Kudos to Ellen Goodman for eloquently joining the chorus calling to just leave Jane Roberts out of speculations about her husband, Supreme Court nominee John Roberts. (“John Roberts May or May Not Be Our Cup of Tea,” July 28, 2005)
As Ms. Goodman notes, Jane Sullivan Roberts is a member of Feminists for Life: “To many being a pro-life feminist is an oxymoron, though there aren't so many women eager to identify themselves as feminists that I would kick Jane out of the sisterhood.”
That's a good thing. Especially since those who first defined the movement, British feminist Mary Wollstonecraft, early American feminist Susan B. Anthony, founder of the Seneca Falls Convention, Elizabeth Cady Stanton, and author of the Equal Rights Amendment, Alice Paul, all opposed abortion on the basis of civil rights and as an exploitation of women.
The same women who fought for our right to vote also fought for our right to life. We proudly continue their legacy.
It wasn't until the '70s women's movement that abortion became linked to women's rights. According to Bernard Nathanson, M.D., cofounder of National Association to Repeal Abortion Laws and forefather of today's NARAL Pro-Choice America, they convinced the leaders of women's organizations that if women wanted to be hired like a man, paid like a man, and promoted like a man, then women would need to control their own fertility. After all, why should the boss be bothered with maternity benefits, maternity and parental leave?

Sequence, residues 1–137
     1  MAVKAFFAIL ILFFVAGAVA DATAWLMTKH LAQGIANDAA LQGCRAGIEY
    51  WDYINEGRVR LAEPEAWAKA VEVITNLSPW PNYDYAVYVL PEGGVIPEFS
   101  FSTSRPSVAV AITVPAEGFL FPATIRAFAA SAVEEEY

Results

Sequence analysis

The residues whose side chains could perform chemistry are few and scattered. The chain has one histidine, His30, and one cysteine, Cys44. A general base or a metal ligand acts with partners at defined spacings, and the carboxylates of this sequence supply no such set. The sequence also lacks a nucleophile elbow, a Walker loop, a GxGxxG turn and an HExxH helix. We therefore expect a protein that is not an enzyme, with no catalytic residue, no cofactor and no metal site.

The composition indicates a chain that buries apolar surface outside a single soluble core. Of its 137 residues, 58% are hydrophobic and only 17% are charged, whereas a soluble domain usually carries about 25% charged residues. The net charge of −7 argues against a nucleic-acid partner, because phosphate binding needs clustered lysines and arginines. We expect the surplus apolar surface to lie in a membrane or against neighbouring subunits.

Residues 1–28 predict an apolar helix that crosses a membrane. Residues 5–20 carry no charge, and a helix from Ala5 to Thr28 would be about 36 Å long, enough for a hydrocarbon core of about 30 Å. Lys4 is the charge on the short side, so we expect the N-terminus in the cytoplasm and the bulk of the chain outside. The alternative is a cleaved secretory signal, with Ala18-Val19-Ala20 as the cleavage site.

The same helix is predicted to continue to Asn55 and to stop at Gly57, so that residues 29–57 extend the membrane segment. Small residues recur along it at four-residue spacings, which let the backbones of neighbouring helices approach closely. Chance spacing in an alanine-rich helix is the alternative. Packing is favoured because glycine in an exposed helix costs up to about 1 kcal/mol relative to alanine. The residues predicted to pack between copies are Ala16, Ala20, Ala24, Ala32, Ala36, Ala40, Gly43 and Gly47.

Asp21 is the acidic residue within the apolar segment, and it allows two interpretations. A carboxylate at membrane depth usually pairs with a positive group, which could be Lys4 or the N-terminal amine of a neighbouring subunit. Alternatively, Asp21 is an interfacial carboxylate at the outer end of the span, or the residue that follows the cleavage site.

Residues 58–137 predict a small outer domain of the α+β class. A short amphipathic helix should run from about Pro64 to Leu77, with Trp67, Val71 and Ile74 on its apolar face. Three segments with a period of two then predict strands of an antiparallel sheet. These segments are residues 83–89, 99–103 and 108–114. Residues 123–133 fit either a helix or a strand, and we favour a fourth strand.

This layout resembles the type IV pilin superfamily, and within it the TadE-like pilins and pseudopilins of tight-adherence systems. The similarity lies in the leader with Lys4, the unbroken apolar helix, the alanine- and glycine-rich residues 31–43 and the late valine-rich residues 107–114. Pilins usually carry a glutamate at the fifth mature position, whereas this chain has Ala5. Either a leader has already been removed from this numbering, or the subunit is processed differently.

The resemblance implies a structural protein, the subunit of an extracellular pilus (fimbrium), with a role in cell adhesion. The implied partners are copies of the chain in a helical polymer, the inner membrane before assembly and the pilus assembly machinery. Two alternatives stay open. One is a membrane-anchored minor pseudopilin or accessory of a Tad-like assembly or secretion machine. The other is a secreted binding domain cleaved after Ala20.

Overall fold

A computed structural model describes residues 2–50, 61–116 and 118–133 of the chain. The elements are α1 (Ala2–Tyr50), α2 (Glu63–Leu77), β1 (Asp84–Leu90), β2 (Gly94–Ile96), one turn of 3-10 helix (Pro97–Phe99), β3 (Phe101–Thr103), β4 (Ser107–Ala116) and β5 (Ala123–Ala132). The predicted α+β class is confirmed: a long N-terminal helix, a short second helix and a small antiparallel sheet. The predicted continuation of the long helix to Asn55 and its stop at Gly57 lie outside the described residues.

Similarly, Sarah Weddington argued Roe v. Wade before the Supreme Court in part on the basis that a pregnant woman could not complete her college education if she were pregnant. Why not? Is she suddenly stupid? Can she not read, write or think?
Since then, women have struggled to balance work and family, and nowhere more so than on college campuses, where orientation and student handbooks cover many problems students face—sexually transmitted diseases, alcohol and drug abuse, depression, etc.—but are eerily silent about school policies supporting pregnant and parenting students. As one board member remarked about her own struggle, “Without housing, day care and maternity coverage, it doesn't feel like much of a free choice.”
We appreciate Ms. Goodman's recognition that focusing on the unmet needs of women is a better way to address abortion. Abortion is a reflection that our society has failed to meet the needs of women. Women deserve better than abortion.
Ms. Goodman goes on to say, “FFL is coy about whether it seeks to criminalize abortion, eerily quiet on contraceptives and silent about whether it trusts women as ethical decision makers.” Answers to those good questions and more can be found at http://feministsforlife.org/FAQ/index.htm
Serrin M. Foster
Feminists for Life of America
Webmaster's note: Additional answers to "Pro-Woman Answers to Pro-Choice Questions," authored by Serrin M. Foster with a new section by International Director Marie Smith, will be sent to new members and donors. Additional copies can be purchased for $5 plus S&H.